Best Colleges for Astrophysics


Best Colleges for Astrophysics

Astrophysics, the study of our universe, is an eternal subject. We exist because the universe exists. Studying the heavenly bodies in the sky began centuries ago – and remains to this day one of the most interesting scientific fields. For those of of who are unconvinced of astrophysics general appeal and find such a career abstract and impractical, perhaps you should take a look at Glassdoor's statistics of the profession's average annual salary: $ 74.000. This sounds like a practical appeal to us.

Whether you are in it for the grandiosity of the subject, a pure love of the cosmos or are just looking a profitable way to monetize your skills astrophysics is a great choice. Your first step, however, is getting your foot into the door: Finding the best college to study astrophysics.

Massachusetts Institue of Technology (MIT)

MIT was founded in 1861 – and is widely regarded as the best university in the world. It hits the maximum 5+ QS stars rating according to Top Universities consistently in all categories: Research, teaching, facilities, innovation, specialist criteria, inclusiveness, employability. MIT's Kavli Institute (MKI) for Astrophysics & Space Research is one of the world's leading institutions in the field. It has been designed to provide an intellectual home for all interested parties – faculty, staff and students.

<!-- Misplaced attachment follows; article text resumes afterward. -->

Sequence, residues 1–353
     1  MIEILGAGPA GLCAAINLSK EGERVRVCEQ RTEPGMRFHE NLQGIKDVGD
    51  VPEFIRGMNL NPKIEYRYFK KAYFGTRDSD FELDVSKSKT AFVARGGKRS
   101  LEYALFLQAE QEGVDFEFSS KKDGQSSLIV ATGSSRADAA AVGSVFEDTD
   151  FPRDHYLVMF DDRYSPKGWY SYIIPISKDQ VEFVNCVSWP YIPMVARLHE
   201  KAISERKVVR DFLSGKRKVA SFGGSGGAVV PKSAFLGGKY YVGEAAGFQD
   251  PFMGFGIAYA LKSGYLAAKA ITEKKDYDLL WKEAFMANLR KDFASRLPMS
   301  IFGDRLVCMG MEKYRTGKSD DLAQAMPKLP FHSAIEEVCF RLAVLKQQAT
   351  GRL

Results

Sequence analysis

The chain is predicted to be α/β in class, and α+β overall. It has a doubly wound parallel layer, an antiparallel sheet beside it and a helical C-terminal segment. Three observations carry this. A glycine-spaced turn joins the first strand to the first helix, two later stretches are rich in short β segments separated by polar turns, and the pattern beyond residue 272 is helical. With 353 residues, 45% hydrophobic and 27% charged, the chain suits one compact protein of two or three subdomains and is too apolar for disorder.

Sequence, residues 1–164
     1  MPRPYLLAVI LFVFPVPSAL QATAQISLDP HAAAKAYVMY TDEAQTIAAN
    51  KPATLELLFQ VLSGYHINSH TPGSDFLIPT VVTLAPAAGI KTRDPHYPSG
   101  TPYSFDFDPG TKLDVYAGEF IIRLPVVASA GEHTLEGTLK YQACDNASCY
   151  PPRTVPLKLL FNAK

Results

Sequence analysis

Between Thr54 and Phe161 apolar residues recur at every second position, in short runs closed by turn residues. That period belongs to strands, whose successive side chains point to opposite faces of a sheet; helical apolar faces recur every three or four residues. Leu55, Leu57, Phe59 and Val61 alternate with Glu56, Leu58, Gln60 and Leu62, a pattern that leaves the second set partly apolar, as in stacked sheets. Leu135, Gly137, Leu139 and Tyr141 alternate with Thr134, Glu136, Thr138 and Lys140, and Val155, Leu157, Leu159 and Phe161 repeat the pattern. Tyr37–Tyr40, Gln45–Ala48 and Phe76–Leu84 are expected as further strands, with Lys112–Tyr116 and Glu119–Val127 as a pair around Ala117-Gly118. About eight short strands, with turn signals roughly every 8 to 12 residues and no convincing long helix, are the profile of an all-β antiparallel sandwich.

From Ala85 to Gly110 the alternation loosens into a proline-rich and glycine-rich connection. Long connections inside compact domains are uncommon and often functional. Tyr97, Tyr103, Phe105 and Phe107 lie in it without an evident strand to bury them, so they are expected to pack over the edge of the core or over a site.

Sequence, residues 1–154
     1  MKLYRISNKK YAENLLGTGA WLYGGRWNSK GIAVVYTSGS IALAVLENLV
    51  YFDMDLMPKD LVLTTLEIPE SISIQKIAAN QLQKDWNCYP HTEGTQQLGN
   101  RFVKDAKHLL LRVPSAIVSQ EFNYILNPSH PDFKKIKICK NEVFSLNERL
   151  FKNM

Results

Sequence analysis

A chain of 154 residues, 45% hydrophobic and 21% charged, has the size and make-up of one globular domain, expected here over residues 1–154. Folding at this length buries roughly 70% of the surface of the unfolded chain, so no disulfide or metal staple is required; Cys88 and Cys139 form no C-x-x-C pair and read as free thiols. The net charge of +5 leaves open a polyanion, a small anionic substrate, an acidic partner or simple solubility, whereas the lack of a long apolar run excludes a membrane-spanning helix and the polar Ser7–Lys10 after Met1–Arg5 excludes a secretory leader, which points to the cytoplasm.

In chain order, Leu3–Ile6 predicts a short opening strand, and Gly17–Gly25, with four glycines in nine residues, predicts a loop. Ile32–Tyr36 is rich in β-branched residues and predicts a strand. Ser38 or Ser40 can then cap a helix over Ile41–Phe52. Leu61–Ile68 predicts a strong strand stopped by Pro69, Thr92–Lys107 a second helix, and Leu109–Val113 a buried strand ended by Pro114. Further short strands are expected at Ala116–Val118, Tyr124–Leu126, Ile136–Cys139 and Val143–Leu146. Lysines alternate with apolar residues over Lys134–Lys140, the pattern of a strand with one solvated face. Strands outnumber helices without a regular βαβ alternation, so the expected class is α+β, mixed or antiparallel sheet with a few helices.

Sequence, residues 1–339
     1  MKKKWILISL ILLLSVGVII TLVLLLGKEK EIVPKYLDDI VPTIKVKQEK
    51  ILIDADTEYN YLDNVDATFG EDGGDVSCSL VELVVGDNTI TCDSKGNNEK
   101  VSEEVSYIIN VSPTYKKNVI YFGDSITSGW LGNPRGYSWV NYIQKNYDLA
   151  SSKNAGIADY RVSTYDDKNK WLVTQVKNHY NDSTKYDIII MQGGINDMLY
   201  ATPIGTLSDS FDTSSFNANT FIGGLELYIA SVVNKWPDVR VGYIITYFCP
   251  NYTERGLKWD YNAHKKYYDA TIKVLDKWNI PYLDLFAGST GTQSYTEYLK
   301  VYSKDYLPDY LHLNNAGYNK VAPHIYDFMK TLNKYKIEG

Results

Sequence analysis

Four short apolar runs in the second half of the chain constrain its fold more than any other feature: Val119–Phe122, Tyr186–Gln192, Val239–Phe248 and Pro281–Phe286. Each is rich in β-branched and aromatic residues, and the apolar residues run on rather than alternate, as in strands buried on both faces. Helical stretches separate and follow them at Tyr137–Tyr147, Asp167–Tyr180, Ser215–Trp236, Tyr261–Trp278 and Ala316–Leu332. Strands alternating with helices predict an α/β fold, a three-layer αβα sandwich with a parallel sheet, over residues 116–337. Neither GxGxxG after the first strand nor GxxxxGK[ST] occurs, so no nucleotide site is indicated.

The MKI is engaged in developing relevant technology and maintaining an engineering and technical core capable of enabling and supporting all innovative research. The Institute's standards of quality is especially high: In 2016, out of 26.463 highly qualified applicants, only 3.480 (13%) received offers of admission. The selection requirements are a blend of previous outstanding academic achievement, as well as specific personality and character traits like creativity, intensity, curiosity, risk and initiative-taking.

Harvard University

Considered the overall #3 best University in the world, Harvad University is America's oldest institution of higher education. Amongst its list of graduates, one can find numerous American presidents as well as high profile, extremely successful individuals like Facebook founder Mark Zuckerberg or Microsoft founder Bill Gates. Harvard-Smithsonian Center of Astrophysics is one of the leading institutions on astrophysics in the world. It is composed of the Harvard College Observatory (HCO) & the Smithsonian Astrophysical Observatory (SAO).

Harvard offers a uniquely rich and varied program that blends theoretical, observational and experimental work together. Students have plenty of opportunity to conduct research in pretty much every branch and aspect of both astronomy and astrophysics in state-of-the-art extensive facilities. Like most other elite level Universities, Harvard has a great deal of requirements in order for an applicant to be offered admission. A student aspiring to get started on Harvard should consider his admission as a one in a lifetime personal investment.

Stanford University

More than a hundred years old, Stanford is widely regarded as an elite level university – often going to to toe with MIT for the number one position. Stanford is based in Silicon Valley in California. It was the academic home of dozens of world's brighest researchers, entrepreneurs and influencers of recent memory, like Elon Musk, and has produced a number of American president as well, like John Kennedy.